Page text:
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Data News — Week 22.46

Data News #22.46 — Paris Airflow meetup, DuckDB, data teams need to break out of their bubble, select * exclude and the fast news.

Christophe Blefari
Christophe Blefari
5 min read
Scracthing the surface (credits)

Hey you, a new Friday means data news. This week feels a bit like old data news with a variety of articles on different cool topics while I navigate through the actual data trends.

Next Monday I'll present "How to build a data dream team" at Y42 meetup. I'll share in next week edition a written form of my talk. But this week as an appetizer there are 2 articles I really liked about data teams composition.

Last but not least, if you are in Paris on the 6th of December you can join us for the reboot of the Apache Airflow meetups—I'm the organizer. Talks will be given in French. The agenda:

  • leboncoin will share best practices around Airflow
  • Qonto will show how you can greatly integrate dbt within Airflow
  • I'll also introduce the meetup with last Airflow features
I organised the Paris Apache Airflow Meetup — 6th of Dec. — JOIN US

My two cents about DuckDB

Ok, right now, LinkedIn and Twitter data world are a bit going one-way down the Rust and DuckDB street. While I don't have any opinion on Rust except the fact it's look like a programming language eternal debate I'm bored of, I have one on DuckDB.

Here a small description I wrote about DuckDB 2 newsletter ago:

If you missed it DuckDB is a single-node in-memory OLAP database. In other words it means that DuckDB runs on a single server, loads the data using columnar format in the memory (RAM) and applies transformation on it. Natively DuckDB integrates with SQL and Python, which also means you can query your data with Python or SQL.

First, let's decrypt the marketing. DuckDB mother company called MotherDuck says stuff like: "BigData is dead" or "Your laptop is faster than your data warehouse". Which theorically opens the door back to single instance processing for your data. This is brillantly good, tbh. I buy it. Plus they add this fun tone with ducks, which creates sympathy for the product.

But is it really something?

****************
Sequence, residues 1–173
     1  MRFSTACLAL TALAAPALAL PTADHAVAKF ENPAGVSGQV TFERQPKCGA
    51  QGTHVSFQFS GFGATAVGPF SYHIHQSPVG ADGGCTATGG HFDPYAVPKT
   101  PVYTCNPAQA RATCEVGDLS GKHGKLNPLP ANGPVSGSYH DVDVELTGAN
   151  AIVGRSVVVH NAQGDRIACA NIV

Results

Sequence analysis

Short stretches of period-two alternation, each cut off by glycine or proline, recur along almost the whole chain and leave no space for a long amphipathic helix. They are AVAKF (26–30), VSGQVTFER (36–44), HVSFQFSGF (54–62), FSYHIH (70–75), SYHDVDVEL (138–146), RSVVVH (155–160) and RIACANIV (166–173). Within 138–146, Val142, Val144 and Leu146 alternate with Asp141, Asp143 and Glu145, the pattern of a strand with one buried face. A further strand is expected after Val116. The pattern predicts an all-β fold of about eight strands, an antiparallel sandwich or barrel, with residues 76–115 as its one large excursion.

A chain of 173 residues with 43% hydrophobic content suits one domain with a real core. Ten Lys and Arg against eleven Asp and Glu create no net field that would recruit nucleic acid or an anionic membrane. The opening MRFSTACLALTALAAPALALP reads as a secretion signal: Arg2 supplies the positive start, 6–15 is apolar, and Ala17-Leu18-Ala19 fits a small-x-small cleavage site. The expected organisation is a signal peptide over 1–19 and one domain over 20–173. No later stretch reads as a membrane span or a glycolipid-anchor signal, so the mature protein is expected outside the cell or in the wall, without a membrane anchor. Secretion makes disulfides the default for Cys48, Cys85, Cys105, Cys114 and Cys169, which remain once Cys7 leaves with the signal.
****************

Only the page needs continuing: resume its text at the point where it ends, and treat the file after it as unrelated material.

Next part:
I think it is, but I might have already been influenced by the marketing. When I think about DuckDB simplicity. It's exhilarating.

You do pip install duckdb then import duckdb and you are good to go. You don't need to run a server. A database is available to you, you can read files (CSV or Parquet) and execute SQL or Dataframe operation on it seamlessly.

I can imagine a list of use cases that will help improving the data engineering workflow but in the same time I don't believe Duck can become the main processing engine of a data platform. I mean, by his single-node nature the technology will for sure serve with brio decentralised teams with central lake but I see more edge use-cases like: running data processing in the CI/CD to quickly validate stuff, provide a great local dev experience to every data developer or empower small data analytics products.

I don't think it can replace current data warehouse vision or technologies and according to me it shouldn't be sell or compared with. But more a cool sidekick to the actual modern data stack. Still I'm afraid with the huge amount of money invested and the actual course of things where everyone wants to try the hype it'll turn differently.

Oliver also shared deeper views on the hype.

Ducks on the horizon (credits)

Data teams need to break out of their bubble

Mary MacCarthy published a great post. It's a wake-up post for data teams. In the current economic situation, all the intellectual discussions about the vision of the field are fun but this is not really for what data teams are built. Data teams are meant to exist in most company to empower other teams. I also bet that the semantic layer, DuckDB, Rust or other trendy stuff is not something that will empower your stakeholders.